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    PNS Daily News - July 1, 20150 

    We’re covering stories from coast to coast, including; 13 states are suing the EPA over the controversial Clean Water Rule; and a report on the defeat of some controversial education proposals in New York; and an Arizona congressman is backing legislation that would add greater protections to more than two million acres of public lands in the Grand Canyon State.

Public News Service - South Dakota

PHOTO: A new South Dakota state law says drivers must give bicyclists a safety buffer of three to six feet, depending on the speed limit on the road. Photo credit: Jerry Oster, Greater Dakota News Service.

SIOUX FALLS, S.D. - A new law goes into effect today in South Dakota that should make it easier for people to get out and about on their bicycles. Michael Christensen, an advocacy committee volunteer with the American Heart Association, says the law should make it easier for bikers to use public str...Read More

Public News Service - SD

PHOTO: Ceiling fans are a good option for staying cool in the summer, but experts says it's a waste of energy to use them when you are not in the room. Photo credit: Pippa Lou/Morgufile.

SIOUX FALLS, SD - Summer is officially here and the need to stay cool typically translates into a higher electric bill. But experts say some simple measures can go a long way to reduce energy costs. Utility Consumer Counselor Anthony Swinger says summer is typically the most expensive time of year...Read More

Public News Service - SD

PIERRE, S.D. - More than 8,000 delegates from across the nation will gather in Orlando, Fla., this weekend for the annual delegate assembly of the National Education Association. The body will discuss issues that affect teachers and schools nationwide. Mary McCorkle, president of the South Dakota E...Read More

Public News Service - SD

PHOTO: As many states continues to deal with the widespread outbreak of avian influenza, an expert on the issue says it should have been anticipated. Photo credit: Cyndy Sims Parr/Flickr.

SIOUX FALLS, S. D. – The outbreak of avian influenza that has decimated hundreds of turkey and chicken operations in more than a dozen states was a surprise to many, but one expert says it was destined to happen. Rob Wallace has served as a consultant for the Centers for Disease Control and P...Read More

Public News Service - SD

SIOUX FALLS, S.D. - Farm nitrogen pollution damage is estimated at billions of dollars annually, according to an International Scientific Team study published in the journal Environmental Research Letters. The study shows agriculture accounts for most of the pollution, said Environmental Working Gr...Read More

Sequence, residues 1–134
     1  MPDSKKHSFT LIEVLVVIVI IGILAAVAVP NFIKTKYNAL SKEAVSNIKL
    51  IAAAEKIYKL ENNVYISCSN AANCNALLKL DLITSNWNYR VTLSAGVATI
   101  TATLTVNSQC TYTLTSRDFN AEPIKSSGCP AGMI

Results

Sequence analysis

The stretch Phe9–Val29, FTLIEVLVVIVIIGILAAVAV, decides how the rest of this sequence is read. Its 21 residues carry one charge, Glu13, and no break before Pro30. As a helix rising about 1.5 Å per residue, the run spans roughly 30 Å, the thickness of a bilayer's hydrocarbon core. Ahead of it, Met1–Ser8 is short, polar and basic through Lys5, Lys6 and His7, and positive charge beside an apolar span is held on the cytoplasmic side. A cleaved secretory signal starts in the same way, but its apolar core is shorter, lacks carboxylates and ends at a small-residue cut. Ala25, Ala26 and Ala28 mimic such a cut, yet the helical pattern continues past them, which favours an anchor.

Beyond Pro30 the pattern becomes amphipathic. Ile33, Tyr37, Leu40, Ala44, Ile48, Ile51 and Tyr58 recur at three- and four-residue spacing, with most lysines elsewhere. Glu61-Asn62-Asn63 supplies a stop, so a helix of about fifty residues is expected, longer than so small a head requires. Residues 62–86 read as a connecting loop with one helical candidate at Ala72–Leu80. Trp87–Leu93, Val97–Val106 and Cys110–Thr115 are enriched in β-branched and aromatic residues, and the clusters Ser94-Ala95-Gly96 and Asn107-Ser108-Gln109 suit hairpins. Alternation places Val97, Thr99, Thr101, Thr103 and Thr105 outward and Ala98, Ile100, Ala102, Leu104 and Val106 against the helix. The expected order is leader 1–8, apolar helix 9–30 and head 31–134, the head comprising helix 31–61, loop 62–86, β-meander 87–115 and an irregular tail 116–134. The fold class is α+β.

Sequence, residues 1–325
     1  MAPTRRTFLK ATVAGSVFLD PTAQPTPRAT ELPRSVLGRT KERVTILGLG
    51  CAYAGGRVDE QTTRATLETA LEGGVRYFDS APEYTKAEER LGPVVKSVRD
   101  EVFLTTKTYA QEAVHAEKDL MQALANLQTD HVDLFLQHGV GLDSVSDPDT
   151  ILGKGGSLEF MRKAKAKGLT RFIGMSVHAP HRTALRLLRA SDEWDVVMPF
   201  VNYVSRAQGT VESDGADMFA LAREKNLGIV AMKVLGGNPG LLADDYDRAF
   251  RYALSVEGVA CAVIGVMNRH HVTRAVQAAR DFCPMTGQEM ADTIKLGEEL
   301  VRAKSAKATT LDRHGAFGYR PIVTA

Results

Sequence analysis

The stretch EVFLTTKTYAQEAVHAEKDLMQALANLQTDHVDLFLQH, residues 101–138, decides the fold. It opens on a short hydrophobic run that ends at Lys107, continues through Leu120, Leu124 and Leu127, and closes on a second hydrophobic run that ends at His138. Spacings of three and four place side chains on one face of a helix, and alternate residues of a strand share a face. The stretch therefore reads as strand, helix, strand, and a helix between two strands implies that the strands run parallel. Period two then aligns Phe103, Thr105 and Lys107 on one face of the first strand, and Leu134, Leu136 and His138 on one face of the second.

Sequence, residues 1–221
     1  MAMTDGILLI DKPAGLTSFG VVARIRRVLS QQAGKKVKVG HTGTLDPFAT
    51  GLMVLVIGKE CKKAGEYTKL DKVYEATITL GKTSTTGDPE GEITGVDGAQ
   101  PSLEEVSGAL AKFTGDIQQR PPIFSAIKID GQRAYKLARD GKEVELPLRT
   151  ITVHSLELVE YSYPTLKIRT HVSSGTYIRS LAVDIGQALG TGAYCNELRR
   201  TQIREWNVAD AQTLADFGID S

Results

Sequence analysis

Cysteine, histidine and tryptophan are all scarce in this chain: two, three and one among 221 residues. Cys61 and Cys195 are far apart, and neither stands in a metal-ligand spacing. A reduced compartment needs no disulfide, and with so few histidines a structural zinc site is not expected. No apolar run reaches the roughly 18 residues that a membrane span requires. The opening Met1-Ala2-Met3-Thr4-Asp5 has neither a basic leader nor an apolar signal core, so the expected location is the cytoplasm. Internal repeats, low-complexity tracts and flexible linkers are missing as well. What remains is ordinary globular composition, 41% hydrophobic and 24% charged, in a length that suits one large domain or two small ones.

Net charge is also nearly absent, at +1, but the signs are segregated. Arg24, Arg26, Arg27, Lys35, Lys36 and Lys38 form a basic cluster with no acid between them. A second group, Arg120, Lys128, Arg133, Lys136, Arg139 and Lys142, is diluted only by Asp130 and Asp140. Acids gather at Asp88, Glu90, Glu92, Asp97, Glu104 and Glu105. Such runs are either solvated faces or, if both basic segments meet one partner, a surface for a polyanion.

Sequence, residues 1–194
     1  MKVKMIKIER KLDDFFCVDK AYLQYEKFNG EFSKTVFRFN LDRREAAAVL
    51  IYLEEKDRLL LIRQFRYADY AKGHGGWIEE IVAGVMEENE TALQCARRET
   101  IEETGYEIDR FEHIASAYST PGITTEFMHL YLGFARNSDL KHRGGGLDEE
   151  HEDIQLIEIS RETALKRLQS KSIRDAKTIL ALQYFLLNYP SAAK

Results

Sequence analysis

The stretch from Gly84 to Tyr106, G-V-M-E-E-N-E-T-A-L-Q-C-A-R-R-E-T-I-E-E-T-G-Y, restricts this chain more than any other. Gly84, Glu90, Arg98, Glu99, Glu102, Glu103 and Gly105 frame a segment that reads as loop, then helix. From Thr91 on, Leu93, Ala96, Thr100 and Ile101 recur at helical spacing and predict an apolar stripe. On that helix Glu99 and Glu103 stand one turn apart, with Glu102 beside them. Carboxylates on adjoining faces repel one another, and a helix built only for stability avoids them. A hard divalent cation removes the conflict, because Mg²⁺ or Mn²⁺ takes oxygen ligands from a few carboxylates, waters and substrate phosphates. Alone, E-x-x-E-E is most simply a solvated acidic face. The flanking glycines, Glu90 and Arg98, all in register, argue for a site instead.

Public News Service - SD

PHOTO: Over 50 percent of working Americans have some type of retirement plan through their employers, but many of them might need help navigating the rules. Many also want to know if they can retire early. The Upper Midwest Pension Rights Project is helping South Dakotans with questions.

SIOUX FALLS, S.D. – More than 50 percent of working Americans have some kind of retirement plan through their employer, whether a 401k or other type that will help them pay for their later years. But many people don't completely understand how their plan and any associated benefits work. ...Read More

Public News Service - SD

PHOTO: Eligible seniors and people with disabilities have until July 1 to apply for a tax refund. Photo by GDNS.

SIOUX FALLS, S.D. – Eligible senior citizens and people with disabilities in South Dakota can get a refund on their property or sales taxes, but they have to apply, and the deadline is approaching. Erik Nelson, associate state director for AARP-South Dakota, says the program has a long recor...Read More

Public News Service - SD

PHOTO: A new Consumers Union survey finds one in three Americans are being hit with a surprise medical bill from an out-of-network provider. Photo credit: Kenn W. Kiser/morguefile.

SIOUX FALLS, S.D. - Nearly one-in-three Americans has experienced the pain of a "surprise" medical bill in the past two years, according to a new national survey. Chuck Bell, program director with Consumers Union, says these unexpected medical bills can range anywhere from $25 to $10,000 and more. ...Read More

Public News Service - SD

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